Now more than ever, it’s critical to have your finger on the pulse of your brand’s health at all times. This means knowing where your business lies within its life cycle: growth, maturity or decline. If you’re growing, you want to sustain that. If you’re on a plateau, you need to look at reinvigorating so that you don’t decline. And, if you’re in decline, you’re looking at a major kick-start or revamp. Continue Reading →
The word ‘culture’, which used to strictly apply to things like art galleries, symphonies and cheese, has entered the mainstream workplace. It’s a buzz word that makes even the word ‘content’ look underused. People on trend-watch associate culture with start-up greats like Apple and Google. Today culture is even trickling into the corporate world, with “Chief Culture Officer” as one of the business buzzwords of 2015. Yet just like the culture behind a good brie, culture has always been there in the creative agency world. This doesn’t mean that agency cultures are always good, nor that culture is all about having a kickass espresso machine or lunch-time yoga classes. Yes, creative spaces definitely make creative people more creative, yet that’s not all there is to culture.
We all want a greener, more sustainable world, yet the process of going green still seems to instil fear in some people. Good designers, on the other hand, embrace the move towards sustainability. Not only does green thinking lead to creativity and innovation, ultimately it’s good for business, which to us means happy clients.
Take annual reports, for instance, which are both a legal requirement and an eco-nightmare. After all the work, money, paper and ink that go into printing them (not to mention all the printing of proof copies prior to the actual print run), they mostly end up in the bin. They have served nobody – neither client nor recipient nor environment. Continue Reading →
Christo Maritz, the owner of design agency Infestation and founding member of Open Design Festival Cape Town says our country is proving to be a strong contender in the design arena, with Cape Town as the driving hub.
Cape Town has grown from a quaint artsy city to what it is today – an international design Mecca, which now attracts prominent design ambassadors from key design countries around the world. The stage was set 20 years ago with Design Indaba, which first established a place for South Africa on the world design map, introducing the rest of the world to our design talent and waking the talent within. Continue Reading →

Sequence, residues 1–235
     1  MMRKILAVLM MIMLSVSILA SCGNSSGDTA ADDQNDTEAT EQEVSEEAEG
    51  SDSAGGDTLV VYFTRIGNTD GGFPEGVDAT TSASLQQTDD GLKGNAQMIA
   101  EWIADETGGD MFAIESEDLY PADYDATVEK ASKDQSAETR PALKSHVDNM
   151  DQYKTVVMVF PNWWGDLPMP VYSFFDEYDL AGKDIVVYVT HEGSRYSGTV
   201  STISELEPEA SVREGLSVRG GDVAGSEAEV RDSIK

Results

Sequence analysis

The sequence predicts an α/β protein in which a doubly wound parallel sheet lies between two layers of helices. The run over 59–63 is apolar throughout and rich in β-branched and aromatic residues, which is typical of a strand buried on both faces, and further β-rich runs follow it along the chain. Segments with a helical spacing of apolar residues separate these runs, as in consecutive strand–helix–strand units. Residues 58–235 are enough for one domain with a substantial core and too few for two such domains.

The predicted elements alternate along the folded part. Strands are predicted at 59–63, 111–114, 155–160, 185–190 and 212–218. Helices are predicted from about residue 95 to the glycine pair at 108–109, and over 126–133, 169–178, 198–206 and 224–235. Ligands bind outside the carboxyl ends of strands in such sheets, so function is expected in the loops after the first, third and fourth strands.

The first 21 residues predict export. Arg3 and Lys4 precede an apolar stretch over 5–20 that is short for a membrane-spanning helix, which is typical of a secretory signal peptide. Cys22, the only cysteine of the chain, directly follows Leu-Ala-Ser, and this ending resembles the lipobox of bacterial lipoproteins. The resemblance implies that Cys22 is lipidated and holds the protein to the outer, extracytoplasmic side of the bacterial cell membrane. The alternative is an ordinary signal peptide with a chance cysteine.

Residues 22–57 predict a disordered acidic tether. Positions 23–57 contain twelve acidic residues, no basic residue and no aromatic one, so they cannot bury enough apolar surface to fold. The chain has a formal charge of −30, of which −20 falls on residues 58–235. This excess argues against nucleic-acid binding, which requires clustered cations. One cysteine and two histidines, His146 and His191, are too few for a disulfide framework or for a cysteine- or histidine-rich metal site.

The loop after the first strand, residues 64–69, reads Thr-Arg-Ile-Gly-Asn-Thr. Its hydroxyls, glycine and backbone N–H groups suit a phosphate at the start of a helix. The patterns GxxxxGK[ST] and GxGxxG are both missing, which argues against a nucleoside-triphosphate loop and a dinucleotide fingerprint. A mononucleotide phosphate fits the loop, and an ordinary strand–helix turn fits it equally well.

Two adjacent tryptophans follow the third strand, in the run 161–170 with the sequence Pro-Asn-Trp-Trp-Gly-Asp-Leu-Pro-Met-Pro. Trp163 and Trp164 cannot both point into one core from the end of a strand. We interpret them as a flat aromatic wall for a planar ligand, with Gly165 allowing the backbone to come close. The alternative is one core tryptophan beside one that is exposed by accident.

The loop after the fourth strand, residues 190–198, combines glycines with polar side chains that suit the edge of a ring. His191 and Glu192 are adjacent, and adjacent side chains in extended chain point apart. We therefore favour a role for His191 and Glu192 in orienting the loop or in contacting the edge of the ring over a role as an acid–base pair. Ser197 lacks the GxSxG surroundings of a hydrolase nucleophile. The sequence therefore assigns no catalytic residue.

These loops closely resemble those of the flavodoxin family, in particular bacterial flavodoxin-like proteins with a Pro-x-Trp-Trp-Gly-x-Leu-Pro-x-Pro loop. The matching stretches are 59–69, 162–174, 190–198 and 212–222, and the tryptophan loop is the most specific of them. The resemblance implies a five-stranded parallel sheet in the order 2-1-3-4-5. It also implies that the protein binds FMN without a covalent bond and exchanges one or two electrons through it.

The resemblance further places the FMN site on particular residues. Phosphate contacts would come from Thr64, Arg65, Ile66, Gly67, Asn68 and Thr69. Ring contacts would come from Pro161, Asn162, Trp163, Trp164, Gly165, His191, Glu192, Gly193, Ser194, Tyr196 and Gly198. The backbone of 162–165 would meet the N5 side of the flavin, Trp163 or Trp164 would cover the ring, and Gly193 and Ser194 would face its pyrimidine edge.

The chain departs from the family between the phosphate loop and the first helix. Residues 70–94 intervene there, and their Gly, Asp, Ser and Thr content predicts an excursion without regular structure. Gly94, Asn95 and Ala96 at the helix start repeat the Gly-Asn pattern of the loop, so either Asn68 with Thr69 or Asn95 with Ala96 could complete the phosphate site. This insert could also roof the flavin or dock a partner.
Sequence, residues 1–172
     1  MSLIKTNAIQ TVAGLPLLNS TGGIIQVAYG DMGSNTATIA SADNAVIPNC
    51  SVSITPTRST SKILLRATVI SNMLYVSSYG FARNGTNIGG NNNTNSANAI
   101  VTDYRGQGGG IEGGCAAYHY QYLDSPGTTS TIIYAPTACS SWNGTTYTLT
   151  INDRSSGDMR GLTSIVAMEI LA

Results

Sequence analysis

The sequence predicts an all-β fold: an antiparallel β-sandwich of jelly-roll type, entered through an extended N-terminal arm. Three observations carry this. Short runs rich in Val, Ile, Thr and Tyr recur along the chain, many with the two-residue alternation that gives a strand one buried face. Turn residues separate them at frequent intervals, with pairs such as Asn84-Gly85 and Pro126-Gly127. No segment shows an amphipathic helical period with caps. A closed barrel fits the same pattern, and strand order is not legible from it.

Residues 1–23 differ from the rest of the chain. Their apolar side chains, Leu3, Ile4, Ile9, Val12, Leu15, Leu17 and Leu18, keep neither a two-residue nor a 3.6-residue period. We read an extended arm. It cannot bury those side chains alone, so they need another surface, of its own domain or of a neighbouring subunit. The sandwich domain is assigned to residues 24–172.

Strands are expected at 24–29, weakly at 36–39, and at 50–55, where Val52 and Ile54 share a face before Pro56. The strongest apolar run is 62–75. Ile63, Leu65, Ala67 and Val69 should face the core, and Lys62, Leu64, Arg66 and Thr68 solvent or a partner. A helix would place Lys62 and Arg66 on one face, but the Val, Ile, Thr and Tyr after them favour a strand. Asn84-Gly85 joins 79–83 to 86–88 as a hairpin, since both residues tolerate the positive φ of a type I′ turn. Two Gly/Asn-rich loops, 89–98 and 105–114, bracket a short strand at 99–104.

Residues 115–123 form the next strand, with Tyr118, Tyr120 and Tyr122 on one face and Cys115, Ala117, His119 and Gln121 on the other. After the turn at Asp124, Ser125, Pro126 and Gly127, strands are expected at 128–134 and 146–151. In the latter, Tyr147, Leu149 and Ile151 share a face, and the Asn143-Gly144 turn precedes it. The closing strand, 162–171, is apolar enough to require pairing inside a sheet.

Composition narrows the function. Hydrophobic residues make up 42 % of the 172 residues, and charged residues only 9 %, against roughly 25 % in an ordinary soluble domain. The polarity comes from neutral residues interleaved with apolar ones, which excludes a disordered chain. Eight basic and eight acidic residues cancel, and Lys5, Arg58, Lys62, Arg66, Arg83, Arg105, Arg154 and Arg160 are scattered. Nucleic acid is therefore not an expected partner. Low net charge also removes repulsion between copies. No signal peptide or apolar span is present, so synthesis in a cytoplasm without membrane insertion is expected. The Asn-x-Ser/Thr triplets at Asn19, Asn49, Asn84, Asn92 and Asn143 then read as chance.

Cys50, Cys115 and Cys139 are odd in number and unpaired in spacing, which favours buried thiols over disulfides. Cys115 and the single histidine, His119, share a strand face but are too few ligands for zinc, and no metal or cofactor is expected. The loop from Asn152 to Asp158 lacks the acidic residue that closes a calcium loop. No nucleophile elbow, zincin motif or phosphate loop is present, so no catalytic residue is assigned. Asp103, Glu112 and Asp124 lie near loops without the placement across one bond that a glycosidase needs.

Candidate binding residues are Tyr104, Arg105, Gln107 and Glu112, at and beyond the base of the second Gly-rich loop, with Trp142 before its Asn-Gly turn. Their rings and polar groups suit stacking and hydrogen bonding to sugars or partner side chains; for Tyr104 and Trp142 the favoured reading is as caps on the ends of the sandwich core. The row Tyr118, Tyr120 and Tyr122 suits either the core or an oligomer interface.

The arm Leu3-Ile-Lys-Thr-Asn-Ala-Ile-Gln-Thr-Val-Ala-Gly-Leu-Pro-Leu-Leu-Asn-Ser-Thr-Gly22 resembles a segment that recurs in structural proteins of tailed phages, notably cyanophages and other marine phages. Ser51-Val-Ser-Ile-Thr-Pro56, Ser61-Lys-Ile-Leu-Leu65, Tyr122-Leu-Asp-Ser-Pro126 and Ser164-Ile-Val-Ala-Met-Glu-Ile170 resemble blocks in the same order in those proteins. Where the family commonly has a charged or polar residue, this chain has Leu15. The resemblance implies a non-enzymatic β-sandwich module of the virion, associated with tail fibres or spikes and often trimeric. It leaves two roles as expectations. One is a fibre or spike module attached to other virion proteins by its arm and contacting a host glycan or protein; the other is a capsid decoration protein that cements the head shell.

When: Wednesday, 15 April from 12 noon to 1pm (GMT+2)
Co-hosts: @FriendsofDesign, @CreativeCT and @opendesignct
Through design, we can create solutions to local challenges.
Join us on Wednesday, 15 April as we chat on Twitter about design that really matters.
Q1: What role does #designthatmatters have in your life? #DZNChat
Q2: What can we do as designers, design lovers & supporters to encourage & create #designthatmatters in future? #DZNChat Continue Reading →
We are well on our way into 2015, and at Infestation that means quite a few things. New faces, new services, new business… We’ve asked around the office for some of our team’s favourite new things in Cape Town, so here are a few suggestions on new places and things to experience.
2015 is a big year for us at Infestation. We’re busy with new projects, have new clients that we’re honoured to work with, are welcoming new additions to our Infestation family and are offering extra services, including Search Engine Optimisation (SEO) and Pay Per Click (PPC). We’re excited to be pushing the disciplines of design and digital even further – and with this in mind, we’d like to share our predictions for 2015, from harnessing human emotions to re-examining the role of branding in big business.
For a long time we did too. We know how long they take to create, how much effort goes into making sure every page is perfectly designed, every figure excruciatingly accurate and exactly how many rands it costs to produce. But we’ve never really known who actually engages with them.
That is, until we focused our publishing, brand and digital expertise towards the reinvention of the good old annual report from an old bogey printed item, to an online, mobile-friendly experience. Continue Reading →